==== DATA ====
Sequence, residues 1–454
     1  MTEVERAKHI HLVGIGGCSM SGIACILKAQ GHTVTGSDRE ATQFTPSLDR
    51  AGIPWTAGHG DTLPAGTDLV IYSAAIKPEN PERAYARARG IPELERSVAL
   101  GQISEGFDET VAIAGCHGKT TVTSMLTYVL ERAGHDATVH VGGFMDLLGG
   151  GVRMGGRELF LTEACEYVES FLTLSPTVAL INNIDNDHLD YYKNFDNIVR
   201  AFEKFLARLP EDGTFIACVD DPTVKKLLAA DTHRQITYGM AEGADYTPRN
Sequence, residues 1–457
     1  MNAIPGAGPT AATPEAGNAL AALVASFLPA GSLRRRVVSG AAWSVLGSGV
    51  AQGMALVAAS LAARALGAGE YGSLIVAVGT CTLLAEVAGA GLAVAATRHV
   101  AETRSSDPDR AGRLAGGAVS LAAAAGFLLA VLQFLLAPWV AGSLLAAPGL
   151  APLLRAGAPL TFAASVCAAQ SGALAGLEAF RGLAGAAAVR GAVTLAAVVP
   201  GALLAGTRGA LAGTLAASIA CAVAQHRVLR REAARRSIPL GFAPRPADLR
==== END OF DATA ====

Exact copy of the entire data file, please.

Sequence, residues 1–454
     1  MTEVERAKHI HLVGIGGCSM SGIACILKAQ GHTVTGSDRE ATQFTPSLDR
    51  AGIPWTAGHG DTLPAGTDLV IYSAAIKPEN PERAYARARG IPELERSVAL
   101  GQISEGFDET VAIAGCHGKT TVTSMLTYVL ERAGHDATVH VGGFMDLLGG
   151  GVRMGGRELF LTEACEYVES FLTLSPTVAL INNIDNDHLD YYKNFDNIVR
   201  AFEKFLARLP EDGTFIACVD DPTVKKLLAA DTHRQITYGM AEGADYTPRN
Sequence, residues 1–457
     1  MNAIPGAGPT AATPEAGNAL AALVASFLPA GSLRRRVVSG AAWSVLGSGV
    51  AQGMALVAAS LAARALGAGE YGSLIVAVGT CTLLAEVAGA GLAVAATRHV
   101  AETRSSDPDR AGRLAGGAVS LAAAAGFLLA VLQFLLAPWV AGSLLAAPGL
   151  APLLRAGAPL TFAASVCAAQ SGALAGLEAF RGLAGAAAVR GAVTLAAVVP
   201  GALLAGTRGA LAGTLAASIA CAVAQHRVLR REAARRSIPL GFAPRPADLR